Saturday, March 06, 2010

A day on the plate in Kota Kinabalu.

Despite the mystery and allure evoked by its name, something about Kota Kinabalu keeps it from being a particularly engaging city. It's a city of placid avenues and grid-like concrete buildings, too modern to be characterful, but just a little too worn to be graceful. But if there is one moment when the city may be redeemed, it's when its residents sit down to eat.

Many people take their meals under the swirling ceiling fans of kopitiam, Chinese style coffee shops. For breakfast, this is where to go for a warm, sticky glass of coffee, sweetened with condensed milk. If you're lucky, you'll also be able to find a plate of bread with kaya, a rich coconut jam.

The kopitiam stay in business all day; you'll be able to swing by again for lunch. Items on the menu range from Chinese favorites, like char siew (barbecued pork), to Malay, like laksa (noodles in a coconut milk curry), to Straits specialities, like chicken-rice (poached chicken served with a delicate soup and a mildly garlicy bed of rice). Sometimes the most satisfying meal is the most straightforward, like the above mee ayam: a pile noodles (mee) that have been wok-fried in kejap manis (a dark, sweet soy sauce) are topped with cleaver-cut slabs of delicious crispy skinned chicken (ayam).

Elsewhere, Indian style restaurants sell a diverse range of curries, made with chicken, lamb, and vegetables, or even squid and shrimp. A few select shops serve their curry on a banana leaf; more often, a more humble presentation involves a plastic plate and a mound of rice. Look for the large griddles to identify a shop specializing in roti canai, unleavened bread served with small dishes of curry, or murtabak, a folded roti canai filled with meat or vegetables.

You'll still find the city's restaurants and kopitiam awake at night, but for a more lively dinner, head toward the night market on the waterfront. The stalls at the centre of the market seem oddly lacking in variety-- most sell fried rice, fried noodles, or soto, a spicy soup-- but you'll likely find a cheap, tasty meal at least. Around the periphery are dessert shops-- perfect for the sultry Borneo evenings are shops selling cendol, a pandan flavoured dessert served over ice with a dash of coconut milk.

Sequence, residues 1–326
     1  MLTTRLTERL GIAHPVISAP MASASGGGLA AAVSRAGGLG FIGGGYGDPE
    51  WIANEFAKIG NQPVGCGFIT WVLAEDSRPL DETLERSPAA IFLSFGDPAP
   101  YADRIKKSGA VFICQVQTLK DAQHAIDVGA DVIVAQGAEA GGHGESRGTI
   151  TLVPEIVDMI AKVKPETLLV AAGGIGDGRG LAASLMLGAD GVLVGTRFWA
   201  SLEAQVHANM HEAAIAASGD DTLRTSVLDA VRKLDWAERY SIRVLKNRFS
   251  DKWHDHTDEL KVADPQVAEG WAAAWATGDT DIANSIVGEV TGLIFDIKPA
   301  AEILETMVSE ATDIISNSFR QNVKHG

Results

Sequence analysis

For a more unique dinner you'll need to penetrate the clouds of smoke toward the back of the market. There, you'll find yourself among the grills of the Filipino Barbecue, where vendors display dazzling piles of seafood-- massive prawns, formidible lobsters, and technicolor fish-- all available to be grilled and served with a dressing of chili. It's perhaps the cheapest spot to indulge in the incredible catch available off Borneo's coast.

To walk through the city at mealtime is to hear the sound of spoons scraping at woks and of roti being slapped onto the griddle, to see piles of gorgeous seafood, ducks hanging in shop windows, and trays of colorful curries. It's encountering the unique mix of cultures-- Chinese, Indian, Filipino and Malay-- and the contrasting geographies-- from the tropic seas to the fertile forests-- that make up KK. You might not always be able to see what's exciting about Kota Kinabalu, but at least you can taste it.


michelle said...

Neat... am looking forward to your travels across the Maritime Continent and seeing the culture (and food!). I actually spend part of my workday looking at maps over there since part of my job is to forecast the El Nino-Southern Oscillation. By the way, expect drier than average conditions over the next several months :-)

Xander said...

Ha! It's actually funny you mention drier than average conditions, because we've actually been asking-- where's the rain? It's still supposed to be the rainy season here I think (the end of it, at least) and we haven't seen so much as a drizzle since we got here! -X

jen laceda said...

Oh, KK! Are you guys heading to Mount Kinabalu (highly recommended) or Manukan Island?

Xander said...

Hey Jen-- We've actually already blown through Borneo! We spent a day on Manukan Island, but gave the Mount a miss. It looked beautiful, but to be honest I'm really not into climbing. -X

Cate said...

Laksa yum! Love this dish. Didn't make it to KK but made it t Brunei. I figure the foods are very similar. Have heard Kuching is a place to eat yourself around. Delicious piccies.

Prêt à Voyager said...

You're making me so hungry! it's been nice in Marrakesh getting a little break from French food. Luckily I have one little whole in the wall Thai place I love, but otherwise Asian food in Paris leaves a lot to be desired!


Scho said...

Kota Kinabalu to me, is a potential great city.

Roni Faida said...

Your pictures are visually alluring, thanks for sharing.